For lovers of residential museums, those are the saddest of words. Altruism is alive and well, however, in numbers not too shabby in the nation’s capital. Mount Vernon, Cedar Hill, Hillwood, we’ve had the pleasure of visiting those and a few others, and now Tudor House. Sponsored by Cultural Tourism DC, this National Historic Landmark high on the heights in Georgetown opened its doors yesterday for a program focusing on how the Civil War affected its residents.
A couple of weeks ago we talked about George Washington Parke Custis, step grandson of George Washington. In 1795, one of his older sisters, Martha Parke Custis (“Patsy”), married Thomas Peter, a wealthy tobacco merchant and son of the first Mayor of Georgetown. Using the $8,000 she inherited from George Washington, they bought the entire block of land fronted by Q and between 31st and 32nd Street.
The power couple hired Dr. William Thornton, architect of the U.S. Capitol and The Octagon, to design the Federal-style mansion overlooking the Potomac River. AIA notes Tudor Place, “anticipated the stately demeanor of the Capitol itself.”
During the Civil War, the Potomac River was a dividing line of sorts. For the most part, Alexandrians whistled Dixie. In Georgetown and Washington, a dual set of emotions was sometimes required. Daughter Britannia (1815-1911), the youngest of eight who inherited the home from Martha, held sympathies for the Confederates. But when wounded soldiers arrived in the city, she had to nuance her feelings. The Union requisitioned many large homes to use as a hospital. As Martha Lindsey Bestebreurtje notes:
Britannia knew that should Tudor Place be taken over as a Union hospital that it would be very unlikely that she would ever be able to buy it back. So, despite her Confederate sympathies, Britannia opened her home to Union officers and their wives as a boarding house. This was one of the shakiest times in Tudor Place’s history.
Our tour guide was outstanding. She seamlessly wove the bigger picture with smaller stories and anecdotes. I was curious about Brittania’s name. It came from the family’s Federalist background. Her mother and father, who had witnessed the burning of Washington in 1814 from the home, had remained staunch Federalists even after the party dissolved.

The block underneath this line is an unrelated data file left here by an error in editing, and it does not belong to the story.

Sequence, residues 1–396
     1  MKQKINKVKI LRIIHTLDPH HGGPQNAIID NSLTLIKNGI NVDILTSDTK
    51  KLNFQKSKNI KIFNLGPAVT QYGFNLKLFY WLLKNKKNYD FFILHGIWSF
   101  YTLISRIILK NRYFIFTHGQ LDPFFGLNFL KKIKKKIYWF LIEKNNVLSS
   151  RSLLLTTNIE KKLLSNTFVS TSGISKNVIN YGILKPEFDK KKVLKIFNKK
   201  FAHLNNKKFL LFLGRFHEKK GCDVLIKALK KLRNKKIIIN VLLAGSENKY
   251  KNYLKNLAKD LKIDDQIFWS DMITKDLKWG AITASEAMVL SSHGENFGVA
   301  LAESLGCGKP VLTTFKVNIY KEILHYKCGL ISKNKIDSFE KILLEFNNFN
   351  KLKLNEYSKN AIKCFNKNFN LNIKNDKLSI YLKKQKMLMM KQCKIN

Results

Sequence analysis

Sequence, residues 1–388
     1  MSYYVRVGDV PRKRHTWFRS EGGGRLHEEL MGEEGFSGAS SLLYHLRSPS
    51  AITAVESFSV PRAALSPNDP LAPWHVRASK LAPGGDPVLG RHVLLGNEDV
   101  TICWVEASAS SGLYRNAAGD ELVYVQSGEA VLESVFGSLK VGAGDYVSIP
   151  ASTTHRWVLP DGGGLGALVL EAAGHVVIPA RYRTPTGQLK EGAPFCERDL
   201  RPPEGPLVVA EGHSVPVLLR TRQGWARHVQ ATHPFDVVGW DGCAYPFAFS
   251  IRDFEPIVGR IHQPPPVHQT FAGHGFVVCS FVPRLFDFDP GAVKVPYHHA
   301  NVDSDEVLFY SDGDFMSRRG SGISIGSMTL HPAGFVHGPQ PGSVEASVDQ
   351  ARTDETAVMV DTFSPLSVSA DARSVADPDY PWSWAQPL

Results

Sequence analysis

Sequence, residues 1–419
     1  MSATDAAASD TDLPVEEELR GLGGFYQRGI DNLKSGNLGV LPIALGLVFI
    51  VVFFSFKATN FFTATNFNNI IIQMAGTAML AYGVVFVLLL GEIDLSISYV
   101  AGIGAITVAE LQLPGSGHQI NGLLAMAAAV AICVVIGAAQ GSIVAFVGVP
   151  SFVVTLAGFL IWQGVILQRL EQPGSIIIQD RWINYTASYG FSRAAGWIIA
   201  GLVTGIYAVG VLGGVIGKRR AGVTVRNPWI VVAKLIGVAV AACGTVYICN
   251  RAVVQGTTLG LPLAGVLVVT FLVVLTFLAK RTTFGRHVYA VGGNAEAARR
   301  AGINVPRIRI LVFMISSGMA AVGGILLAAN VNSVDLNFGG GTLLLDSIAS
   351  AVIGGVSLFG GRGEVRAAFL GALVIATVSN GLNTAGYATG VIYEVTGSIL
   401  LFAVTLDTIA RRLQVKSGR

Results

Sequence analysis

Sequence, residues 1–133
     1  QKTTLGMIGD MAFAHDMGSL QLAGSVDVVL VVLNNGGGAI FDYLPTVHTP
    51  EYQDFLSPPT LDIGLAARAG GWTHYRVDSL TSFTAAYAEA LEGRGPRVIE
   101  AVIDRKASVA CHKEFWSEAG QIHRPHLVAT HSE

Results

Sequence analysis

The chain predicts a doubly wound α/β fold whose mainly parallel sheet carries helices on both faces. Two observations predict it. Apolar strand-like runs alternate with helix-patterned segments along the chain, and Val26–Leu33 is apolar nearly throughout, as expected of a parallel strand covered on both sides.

One particular story, the execution of William Orton Williams, Captain, C.S.A, and his first cousin, Walter Gibson Peter, Lt., C.S.A., stood out as the most poignant. It was very strange and very sad, the kind of thing that begs to be understood.
In the gift store, you can buy a typed up copy of the dispatch filed by the on-the-scene reporter for Harper’s Weekly (July 4, 1863). Additionally, Tonia Smith wrote, “Gentlemen, You Have Played This Damned Well, The Execution of Confederate Spies Colonel William Orton Williams and Lieutenant Walter Gibson Peter.” (Colonel Baird, the fort commander, is quoted in the HW article as saying, “Gentlemen, you have played this d-----d well.”)
I couldn’t find her article on-line but Smith wrote a summary at “Rantings of a Civil War Historian.” The short version is that Williams and Peter, evidently as a lark or a bet, dressed up as Union soldiers. They (Williams was a first cousin of Mrs. Robert E. Lee) rode into Fort Granger in Franklin, Tennessee and announced their presence as officers and inspectors. Their spy mission ended with them getting caught and hanged on June 9, 1863. By the way, the news account of the hanging might make some uncomfortable or squeamish.
The Peter family owned the house from 1805 to 1983, an astonishing six generations long run of continuity. The official website of The Tudor Foundation notes:
Numbering close to 15,000 items, the Tudor Place object collection spans the period 1750-1983. Incredible for its depth and breadth, the objects represented range from George Washington’s presidential dinner and dessert service to a full complement of 20th century kitchenware. The object collection represents the layered history of the property, with every generation of Peter family occupation represented.
The gardens are a marvel themselves and include a lily pool, flower knot and Japanese Tea House. Standing out on the south lawn is a tulip poplar, believed to be 200 or so years old. There are 400 trees in all on the property, including oaks, elms, beech, pecan, and a Kentucky coffee with its trademark large leaves.
It would be very difficult for me to pick a favorite historic home. For now, I’ll say the Tudor House is right up there. Its residents weren’t as famous as Washington, Douglass, and Post, but the legacy they left is wonderful. We thank the family for sharing this remarkable connection to the Washingtons and the Lees, a unique window into the area’s and our country’s history.
Note: The familial nature of these stories requires a sharp eye. If I made any mistakes on that (or other lines), please let me know.